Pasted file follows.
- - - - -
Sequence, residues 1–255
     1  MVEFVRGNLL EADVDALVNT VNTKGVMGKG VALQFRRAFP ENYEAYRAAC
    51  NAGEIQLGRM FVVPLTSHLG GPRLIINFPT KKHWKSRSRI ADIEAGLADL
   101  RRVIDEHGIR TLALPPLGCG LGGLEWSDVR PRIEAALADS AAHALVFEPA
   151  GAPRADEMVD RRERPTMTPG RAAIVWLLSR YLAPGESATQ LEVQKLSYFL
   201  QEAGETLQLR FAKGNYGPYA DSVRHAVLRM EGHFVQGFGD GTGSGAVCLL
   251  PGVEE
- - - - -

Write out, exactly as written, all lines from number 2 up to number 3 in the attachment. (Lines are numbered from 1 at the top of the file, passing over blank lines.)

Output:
     1  MVEFVRGNLL EADVDALVNT VNTKGVMGKG VALQFRRAFP ENYEAYRAAC
    51  NAGEIQLGRM FVVPLTSHLG GPRLIINFPT KKHWKSRSRI ADIEAGLADL